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Tue 18 Feb 2020 09:20 AM

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'Ego-driven' UAE start-ups fail to manage cash flow, accelerate too fast, says Sara Al Madani

Serial entrepreneur Sara Al Madani has started companies in the UAE and US and is a board member of the UAE's SME Council

'Ego-driven' UAE start-ups fail to manage cash flow, accelerate too fast, says Sara Al Madani

Emirati serial entrepreneur Sara Al Madani.

A large number of UAE start-ups that don’t succeed fail due to cash flow management problems and overly ambitious acceleration plans, according to Emirati serial entrepreneur Sara Al Madani.

Al Madani – who has founded or co-founded a number of companies in both the UAE and US - is also a board member of the UAE Ministry of Economy’s SME Council and of the Sharjah Chamber of Commerce and Industry.

In an interview with Arabian Business, Al Madani said that in her experience, there are two primary reasons why start-ups fail in the UAE.

“One of the reasons for failure is cash flow,” she said. “They don’t know how to manage their cash flow at all and they burn money fast.”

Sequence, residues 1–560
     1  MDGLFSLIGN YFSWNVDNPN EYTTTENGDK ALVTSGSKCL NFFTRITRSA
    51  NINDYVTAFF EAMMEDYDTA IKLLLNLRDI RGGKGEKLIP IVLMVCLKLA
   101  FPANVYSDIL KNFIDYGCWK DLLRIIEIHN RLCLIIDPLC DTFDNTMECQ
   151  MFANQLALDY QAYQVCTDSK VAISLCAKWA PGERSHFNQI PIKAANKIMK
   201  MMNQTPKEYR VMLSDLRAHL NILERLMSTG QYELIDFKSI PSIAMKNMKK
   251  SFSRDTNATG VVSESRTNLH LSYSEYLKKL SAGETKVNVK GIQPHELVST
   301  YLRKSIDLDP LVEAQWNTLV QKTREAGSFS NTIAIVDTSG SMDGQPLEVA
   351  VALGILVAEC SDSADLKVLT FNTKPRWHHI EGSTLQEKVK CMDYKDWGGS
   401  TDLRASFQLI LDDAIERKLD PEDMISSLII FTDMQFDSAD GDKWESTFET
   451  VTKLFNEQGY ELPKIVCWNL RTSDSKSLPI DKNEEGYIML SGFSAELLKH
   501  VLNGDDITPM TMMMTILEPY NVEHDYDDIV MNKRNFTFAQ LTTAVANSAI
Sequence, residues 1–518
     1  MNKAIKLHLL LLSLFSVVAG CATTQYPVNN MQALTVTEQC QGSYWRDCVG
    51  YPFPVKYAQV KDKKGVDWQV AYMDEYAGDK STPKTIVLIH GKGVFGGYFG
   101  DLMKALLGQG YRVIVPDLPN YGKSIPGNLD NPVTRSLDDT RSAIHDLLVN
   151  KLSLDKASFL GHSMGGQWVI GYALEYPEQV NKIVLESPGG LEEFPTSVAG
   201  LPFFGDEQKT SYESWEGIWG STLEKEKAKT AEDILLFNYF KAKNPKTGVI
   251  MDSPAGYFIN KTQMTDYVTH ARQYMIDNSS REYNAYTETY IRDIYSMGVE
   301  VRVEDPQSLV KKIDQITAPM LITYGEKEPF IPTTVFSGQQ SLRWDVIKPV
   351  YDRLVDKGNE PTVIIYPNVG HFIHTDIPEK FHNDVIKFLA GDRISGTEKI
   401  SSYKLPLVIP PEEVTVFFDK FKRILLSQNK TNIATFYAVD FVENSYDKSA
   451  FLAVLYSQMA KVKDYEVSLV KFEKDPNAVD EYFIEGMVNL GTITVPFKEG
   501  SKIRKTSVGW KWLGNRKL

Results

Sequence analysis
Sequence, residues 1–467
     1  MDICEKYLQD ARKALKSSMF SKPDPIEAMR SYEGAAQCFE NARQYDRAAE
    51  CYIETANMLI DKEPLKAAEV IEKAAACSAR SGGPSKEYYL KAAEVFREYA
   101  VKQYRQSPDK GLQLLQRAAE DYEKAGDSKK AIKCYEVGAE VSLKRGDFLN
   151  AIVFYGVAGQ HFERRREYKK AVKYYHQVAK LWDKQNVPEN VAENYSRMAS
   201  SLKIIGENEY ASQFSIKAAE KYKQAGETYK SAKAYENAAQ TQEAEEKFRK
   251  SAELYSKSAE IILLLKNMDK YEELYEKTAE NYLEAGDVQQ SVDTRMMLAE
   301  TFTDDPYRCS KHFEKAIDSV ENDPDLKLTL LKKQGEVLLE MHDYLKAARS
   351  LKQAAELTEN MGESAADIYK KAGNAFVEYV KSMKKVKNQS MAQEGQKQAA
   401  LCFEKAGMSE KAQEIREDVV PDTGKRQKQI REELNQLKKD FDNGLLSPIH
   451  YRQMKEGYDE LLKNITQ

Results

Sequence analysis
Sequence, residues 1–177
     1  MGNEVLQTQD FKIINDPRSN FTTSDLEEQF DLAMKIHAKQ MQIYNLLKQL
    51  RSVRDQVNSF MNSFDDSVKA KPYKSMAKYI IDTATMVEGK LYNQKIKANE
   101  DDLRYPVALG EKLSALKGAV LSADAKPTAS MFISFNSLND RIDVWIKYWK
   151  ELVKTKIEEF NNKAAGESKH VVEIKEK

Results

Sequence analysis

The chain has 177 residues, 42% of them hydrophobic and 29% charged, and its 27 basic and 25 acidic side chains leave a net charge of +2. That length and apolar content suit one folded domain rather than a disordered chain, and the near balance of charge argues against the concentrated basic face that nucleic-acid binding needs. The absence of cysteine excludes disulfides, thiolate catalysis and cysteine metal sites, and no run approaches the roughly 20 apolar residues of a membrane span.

The second reason, she added, is that start-ups want to scale up “too quickly”.

“Some of the people who start businesses here are ego-driven. The want to be called entrepreneurs,” she said. “Instead of testing and trying slowly, and growing in a steady way…. they’ll just open a store, have 30 employees and burn their money when there is no demand for them to supply. They start too big.”

Among Al Madani’s companies are Social Fish, a marketing, branding and social media consultancy based in Dubai and Los Angeles, as well as Proposal Cupid, an events company specialising in proposals, engagements and weddings.

Fear

One of the main reasons that start-ups try accelerate too quickly, she added, is that many entrepreneurs fear what people will say about them if their company starts small, or isn’t particularly high-profile.

“I believe in starting small, learning and escalating,” she added. “It doesn’t matter what people say about you. If you’re there to satisfy someone else and doing this for the wrong reasons, then you aren’t an entrepreneur. This is not where you’re supposed to be.”

Al Madani, for example, notes that Social Fish has achieved success with only three full-time employees. Despite the small team, the firm has attracted considerable business, and recently was chosen to host, manage and produce a birthday party for Real Madrid and France international footballer Karim Benzema.

“I outsource. Uber doesn’t own any cars. Airbnb doesn’t own any buildings. Why is success [considered to be] 30 to 100 employees with a huge space?” she said.

“In the end, when someone is successful, people can’t deny that,” Al Madani added. “How you do that, how you start it, is nobody’s business. Just focus on your work.”